In Collaboration With the UniPG Racing Team
Evonove has a long history of reaching out to students and perpetual learners of all kinds, to offer and provide a supportive context for innovative thinking and collaboration. Fitting with our motto, ‘try, fail, learn, repeat’ is the satisfaction of finding real people, kindred spirits in our midst, with a passion to sweat and take risks, all in the hope of creating a software or product that is innovative, and market viable! So, we are happy to offer technical support and supplies, to promote the spirit of innovation, especially in students.
In this vein, we recently welcomed into the office a temporary team member and Computer Science student at the University of Perugia, Luca Treppaoli.
As part of his graduation thesis, Treppaoli joined forces with a team of engineering students at the University of Perugia who will be racing in next year’s Formula SAE Collegiate Competitions. The competitions are organized by SAE International (Society of Automotive Engineers) and races take place throughout the year all over the world, from Japan to the UK, USA, and Italy. The students’ task is to design, build and test the performance of a small Formula-style racing car. After up to 12 months of intense effort, projects are judged based on static and dynamic criteria, including technical inspection, cost, engineering design, and performance. And finally, they are sent on the track to race.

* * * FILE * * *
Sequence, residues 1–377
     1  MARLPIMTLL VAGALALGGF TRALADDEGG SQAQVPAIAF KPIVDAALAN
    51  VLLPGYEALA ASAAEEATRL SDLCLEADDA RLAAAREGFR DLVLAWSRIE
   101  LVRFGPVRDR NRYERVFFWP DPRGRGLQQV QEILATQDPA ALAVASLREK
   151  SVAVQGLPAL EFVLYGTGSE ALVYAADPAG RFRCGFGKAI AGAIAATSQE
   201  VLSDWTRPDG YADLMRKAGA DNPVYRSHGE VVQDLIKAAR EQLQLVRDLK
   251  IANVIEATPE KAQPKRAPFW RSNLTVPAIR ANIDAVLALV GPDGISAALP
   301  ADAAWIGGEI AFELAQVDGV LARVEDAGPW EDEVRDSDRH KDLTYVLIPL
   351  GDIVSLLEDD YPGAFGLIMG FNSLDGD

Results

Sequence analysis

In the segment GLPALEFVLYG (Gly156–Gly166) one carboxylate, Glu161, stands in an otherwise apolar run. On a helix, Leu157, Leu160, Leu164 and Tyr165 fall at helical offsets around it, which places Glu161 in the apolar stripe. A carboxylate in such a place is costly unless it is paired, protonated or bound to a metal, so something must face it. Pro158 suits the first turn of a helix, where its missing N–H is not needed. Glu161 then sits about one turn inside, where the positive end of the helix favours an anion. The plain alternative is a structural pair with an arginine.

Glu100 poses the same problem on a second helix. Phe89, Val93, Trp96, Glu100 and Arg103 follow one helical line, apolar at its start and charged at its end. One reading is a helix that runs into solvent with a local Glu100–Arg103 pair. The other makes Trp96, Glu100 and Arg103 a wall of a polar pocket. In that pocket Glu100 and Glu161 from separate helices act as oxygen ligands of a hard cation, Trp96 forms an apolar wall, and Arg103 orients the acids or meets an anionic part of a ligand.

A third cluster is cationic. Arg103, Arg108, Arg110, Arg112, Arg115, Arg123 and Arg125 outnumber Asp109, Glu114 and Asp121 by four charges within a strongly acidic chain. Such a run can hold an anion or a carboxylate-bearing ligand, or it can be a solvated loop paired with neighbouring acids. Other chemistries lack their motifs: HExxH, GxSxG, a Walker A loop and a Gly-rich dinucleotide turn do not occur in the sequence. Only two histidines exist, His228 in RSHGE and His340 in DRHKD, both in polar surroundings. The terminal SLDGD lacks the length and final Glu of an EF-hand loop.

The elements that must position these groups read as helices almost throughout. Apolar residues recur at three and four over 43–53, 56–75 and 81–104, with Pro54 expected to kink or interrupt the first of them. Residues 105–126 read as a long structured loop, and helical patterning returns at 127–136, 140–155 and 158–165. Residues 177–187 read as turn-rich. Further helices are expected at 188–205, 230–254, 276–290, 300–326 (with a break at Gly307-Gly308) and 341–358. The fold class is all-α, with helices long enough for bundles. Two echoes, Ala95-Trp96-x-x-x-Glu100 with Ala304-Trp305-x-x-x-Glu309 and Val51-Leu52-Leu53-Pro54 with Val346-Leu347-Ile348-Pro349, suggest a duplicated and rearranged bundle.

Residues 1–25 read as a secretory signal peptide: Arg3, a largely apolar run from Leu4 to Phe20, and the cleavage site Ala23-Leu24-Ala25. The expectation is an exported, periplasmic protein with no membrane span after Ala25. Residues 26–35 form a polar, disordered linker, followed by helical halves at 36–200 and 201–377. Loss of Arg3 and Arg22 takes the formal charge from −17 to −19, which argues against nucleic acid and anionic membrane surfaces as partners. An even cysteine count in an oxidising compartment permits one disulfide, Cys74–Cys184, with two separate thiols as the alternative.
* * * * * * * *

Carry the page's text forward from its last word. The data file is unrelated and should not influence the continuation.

The vision of the SAE Collegiate Competition is to take students beyond textbook theory to real world application. Students must work together to deal with budgeting restrictions, time constraints and resource management to create a product that is innovative and market viable. In the end, the team must present a cost analysis, a business plan, and the engineering design behind their vehicle.
The Racing Team at the University of Perugia was founded back in 2011. With about twenty-five students consistently working on the project, professor support, and collaboration from sponsors around the region, they have made leaps and bounds in the past five years and are now ready to start manufacturing a new model of the car for an upcoming race set to take place in June 2017.
The work is split up into five distinct teams- motor, frame and suspension, business and marketing, aerodynamics, and computer science. The latter category is where Treppaoli, and Evonove, come in.
The Racing Team was faced with the challenge of creating a software that could test their prototype in terms of speed, efficiency and performance before the race, and so they went searching in the Computer Science Department for an aspiring developer. They found Treppaoli, who was willing to invest his time and even base his thesis on what he found to be a very exciting challenge. He was asked to develop a vital software solution that could communicate directly with the car and transform hard data into readable graphs, all in real time. On top of that, he would need to develop a mobile app for users that presented the data in a clear and intelligible design.
He presented the proposal for his project to the team at Evonove, and we enthusiastically offered our support. So here we are, creating a multilevel solution to meet the needs of the Racing Team. The development started with the hardware, a device that could hook onto the motor and collect raw data. Then, we had to create a software to read the data and communicate with the web service through the cloud. This, we affectionately dubbed Slimer (Ghostbusters kickback, anyone?) Then, of course, there was the web service itself, Tully. Tully is a RESTful web service, whose job is to receive data from Slimer through a 3G connection, then process and convert the data into another format so that it can be used by the tech and smartphone apps.
Stay tuned here, for more technical information on how the project has evolved. We will be adding some graphs to show off the craftsmanship. Enjoy following along as we reach the completion of this latest challenge!